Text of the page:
Following the verdict over the killing of Michael Brown, the American comedian and commentator W. Kamau Bell wrote an article in which he expresses a heart-felt worry for being a Black Male, Six Feet Four Inches Tall, in America in 2014.
#ManchesterToFerguson Solidarity Vigil for Mike Brown at The University of Manchester
I don’t engage in any type of behavior that should place me in a cop’s crosshairs. I don’t live in “one of those neighborhoods,” or hang out with a “bad crowd,” (unless you count comedians). I am not involved in felonious activity. I’m not bragging. I’m just boring. But the fact that I’m not involved in any of that stuff doesn’t leave me any more confident I won’t be killed. That’s because I’ve been endowed with the triple crown of being killed for no good reason: big, black, and male.
Reading this article moved me, it moved me from within, reminding me of all the things Black people have to go through every day.
The killing of Michael Brown has scattered conversation movements, offline and online, on social media and none. Somebody asked somewhere on Fb why we are talking “so” much about the death of this black boy, as if it was just a “black” issue, as if white people don’t get killed and receive injustice too.
I need somebody to tell me where this person was when my people were being taken from their land, when they were being stolen from Africa to be enslaved. I need somebody to tell me where this person was when my people were being enslaved between 1619 and 1865, when they were nothing more than animals or beasts! Two hundred and forty six years of slavery, ninety-nine years of post-enslavement and emancipation, a freedom in sign of equality but coloured by mockery!
I have three things to tell this person:
- Read books
- Talk less
- Think more
To be Black is not simply the colour of one’s skin, it’s a lot more. To be Black comes with a luggage that no aircraft would be able to accommodate; and when one is Black, Big and Male is a lot of things.
To be Black, Female and Working Class is another story all over again. Because I am a triple minority, BFW, I don’t laugh when my flatmates make racist jokes thinking they are funny; being BFW is the reason why I don’t expect them to understand the concept of Identity. Being BFW is the reason why I ignore shop owners following me in shops or people questioning my hair.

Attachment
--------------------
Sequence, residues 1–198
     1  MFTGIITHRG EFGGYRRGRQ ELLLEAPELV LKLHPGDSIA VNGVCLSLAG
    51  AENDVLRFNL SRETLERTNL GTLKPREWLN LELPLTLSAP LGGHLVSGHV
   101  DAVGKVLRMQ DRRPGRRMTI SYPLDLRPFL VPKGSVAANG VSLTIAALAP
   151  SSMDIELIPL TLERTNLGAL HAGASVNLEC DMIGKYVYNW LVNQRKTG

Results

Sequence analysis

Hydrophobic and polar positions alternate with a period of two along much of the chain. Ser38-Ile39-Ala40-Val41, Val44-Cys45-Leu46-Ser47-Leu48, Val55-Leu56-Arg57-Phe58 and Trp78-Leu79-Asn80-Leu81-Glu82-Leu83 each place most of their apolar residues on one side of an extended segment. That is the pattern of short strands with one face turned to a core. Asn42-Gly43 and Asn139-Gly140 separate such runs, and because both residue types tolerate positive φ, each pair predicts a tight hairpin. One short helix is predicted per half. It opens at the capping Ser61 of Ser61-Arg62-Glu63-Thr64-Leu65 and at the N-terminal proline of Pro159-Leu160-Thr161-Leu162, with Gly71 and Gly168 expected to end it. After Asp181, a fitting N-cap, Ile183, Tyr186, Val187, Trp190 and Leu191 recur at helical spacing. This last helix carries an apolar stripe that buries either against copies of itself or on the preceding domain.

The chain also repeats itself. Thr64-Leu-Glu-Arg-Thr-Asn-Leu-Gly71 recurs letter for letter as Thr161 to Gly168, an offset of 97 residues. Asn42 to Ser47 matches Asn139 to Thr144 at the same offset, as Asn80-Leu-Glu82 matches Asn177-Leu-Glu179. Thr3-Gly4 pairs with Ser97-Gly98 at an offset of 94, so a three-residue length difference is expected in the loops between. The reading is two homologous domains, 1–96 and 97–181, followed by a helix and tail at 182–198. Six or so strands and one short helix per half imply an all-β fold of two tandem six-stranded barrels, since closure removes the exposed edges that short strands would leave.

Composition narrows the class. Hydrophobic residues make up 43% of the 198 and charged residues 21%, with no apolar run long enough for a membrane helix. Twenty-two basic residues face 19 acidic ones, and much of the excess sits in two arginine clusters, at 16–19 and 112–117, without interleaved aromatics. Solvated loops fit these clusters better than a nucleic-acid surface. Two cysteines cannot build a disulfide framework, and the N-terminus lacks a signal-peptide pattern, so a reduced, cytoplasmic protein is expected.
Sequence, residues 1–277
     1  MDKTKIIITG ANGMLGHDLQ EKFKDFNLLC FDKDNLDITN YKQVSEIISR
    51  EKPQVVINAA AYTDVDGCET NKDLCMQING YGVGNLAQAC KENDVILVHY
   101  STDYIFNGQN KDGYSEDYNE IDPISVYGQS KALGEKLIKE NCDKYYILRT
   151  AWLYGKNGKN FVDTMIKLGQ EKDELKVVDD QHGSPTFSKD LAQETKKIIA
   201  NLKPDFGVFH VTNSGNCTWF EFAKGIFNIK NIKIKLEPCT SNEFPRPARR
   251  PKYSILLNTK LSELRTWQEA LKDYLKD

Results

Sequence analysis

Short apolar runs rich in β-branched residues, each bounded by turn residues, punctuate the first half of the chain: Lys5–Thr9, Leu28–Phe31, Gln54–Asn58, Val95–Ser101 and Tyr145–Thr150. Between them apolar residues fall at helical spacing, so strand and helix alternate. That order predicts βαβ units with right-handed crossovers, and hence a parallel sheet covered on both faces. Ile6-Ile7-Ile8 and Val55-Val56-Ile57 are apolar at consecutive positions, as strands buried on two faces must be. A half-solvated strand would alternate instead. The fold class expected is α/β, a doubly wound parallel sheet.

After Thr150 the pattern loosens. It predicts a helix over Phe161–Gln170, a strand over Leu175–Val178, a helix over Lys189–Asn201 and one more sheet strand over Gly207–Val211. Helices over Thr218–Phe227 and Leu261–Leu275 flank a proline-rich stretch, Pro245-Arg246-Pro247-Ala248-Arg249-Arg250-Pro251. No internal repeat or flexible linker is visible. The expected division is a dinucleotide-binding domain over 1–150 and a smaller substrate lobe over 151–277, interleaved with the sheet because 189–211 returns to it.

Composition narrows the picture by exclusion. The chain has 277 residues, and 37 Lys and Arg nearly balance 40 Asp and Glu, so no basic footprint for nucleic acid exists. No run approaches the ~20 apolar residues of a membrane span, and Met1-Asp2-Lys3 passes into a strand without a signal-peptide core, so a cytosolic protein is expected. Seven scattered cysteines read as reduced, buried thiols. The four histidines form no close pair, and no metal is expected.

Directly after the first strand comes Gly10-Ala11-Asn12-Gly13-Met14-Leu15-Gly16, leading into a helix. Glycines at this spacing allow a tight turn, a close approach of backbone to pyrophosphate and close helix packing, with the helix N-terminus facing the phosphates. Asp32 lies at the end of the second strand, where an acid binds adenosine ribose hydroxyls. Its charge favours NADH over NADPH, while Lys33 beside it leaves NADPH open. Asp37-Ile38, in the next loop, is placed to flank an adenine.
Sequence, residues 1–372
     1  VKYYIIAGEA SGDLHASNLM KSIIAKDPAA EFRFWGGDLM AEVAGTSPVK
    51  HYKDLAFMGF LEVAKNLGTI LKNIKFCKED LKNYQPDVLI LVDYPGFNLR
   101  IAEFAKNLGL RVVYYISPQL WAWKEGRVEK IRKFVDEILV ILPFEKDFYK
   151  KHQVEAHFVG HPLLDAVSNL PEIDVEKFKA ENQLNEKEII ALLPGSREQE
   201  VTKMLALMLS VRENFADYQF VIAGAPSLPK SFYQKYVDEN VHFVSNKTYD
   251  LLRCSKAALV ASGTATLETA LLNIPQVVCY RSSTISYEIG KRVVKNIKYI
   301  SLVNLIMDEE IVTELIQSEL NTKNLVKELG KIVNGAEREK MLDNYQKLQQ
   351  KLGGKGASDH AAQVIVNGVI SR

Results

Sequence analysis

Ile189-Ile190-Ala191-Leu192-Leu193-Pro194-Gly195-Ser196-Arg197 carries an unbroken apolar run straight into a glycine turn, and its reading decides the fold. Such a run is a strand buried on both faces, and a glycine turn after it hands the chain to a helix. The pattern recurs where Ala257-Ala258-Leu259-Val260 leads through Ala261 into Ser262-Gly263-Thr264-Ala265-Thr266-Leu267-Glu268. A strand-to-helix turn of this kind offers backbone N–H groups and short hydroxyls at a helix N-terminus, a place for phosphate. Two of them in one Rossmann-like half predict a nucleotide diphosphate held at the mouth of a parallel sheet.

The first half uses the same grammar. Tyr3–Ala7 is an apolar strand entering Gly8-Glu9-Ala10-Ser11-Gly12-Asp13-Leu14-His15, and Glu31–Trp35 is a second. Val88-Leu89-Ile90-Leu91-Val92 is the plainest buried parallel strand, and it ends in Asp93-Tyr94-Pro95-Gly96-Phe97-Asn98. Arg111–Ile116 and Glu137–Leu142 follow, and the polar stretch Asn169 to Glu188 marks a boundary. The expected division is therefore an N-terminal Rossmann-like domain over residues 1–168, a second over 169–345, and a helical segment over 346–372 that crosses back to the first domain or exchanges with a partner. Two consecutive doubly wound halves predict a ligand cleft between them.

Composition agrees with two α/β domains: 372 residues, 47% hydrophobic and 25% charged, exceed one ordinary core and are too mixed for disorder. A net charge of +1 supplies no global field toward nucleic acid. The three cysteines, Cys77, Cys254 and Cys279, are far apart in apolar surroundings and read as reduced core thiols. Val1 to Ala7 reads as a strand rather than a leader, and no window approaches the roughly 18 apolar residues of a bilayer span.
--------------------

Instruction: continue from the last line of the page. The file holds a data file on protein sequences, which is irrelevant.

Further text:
I got told by somebody that I always take everything on racial level. Being BFW is the reason why I smile, ignore and keep my thoughts for myself.
Being Black is a lot of things, and we talk “so” much about this because otherwise no one will do it; because we are overrepresented as criminals, but underrepresented as victims; because we are at the bottom of the social ladder; because we get killed when we fight to be liberated by the oppression of uncommitted guilt; because we are ignored as human and social beings and because it is always about the white thing and never about the right thing.
See, it’s not about agreeing or disagreeing. It’s about understanding. It’s about understanding that we are talking “so” much about Mike Brown, about Mark Duggan, about Azelle Rodney, about Christopher Alder, about Trayvon Martin, about Tamir Rice, about all the other young Black Males taken away by the hand of the system, because Black people’s life matter, and no one holds the authority to end it under any circumstances.
To the person who asked why we are talking “so” much about the killing of Michael Brown as if it was a “black” problem, as if white people don’t face these issues as well, I want to say this: if you feel the need to ask such a question, please go back to get a Primary Education, and then maybe I can have a conversation with you.
 Vanity Fair, http://www.vanityfair.com/online/daily/2014/11/w-kamau-bell-black-in-america, last accessed on 28/11/014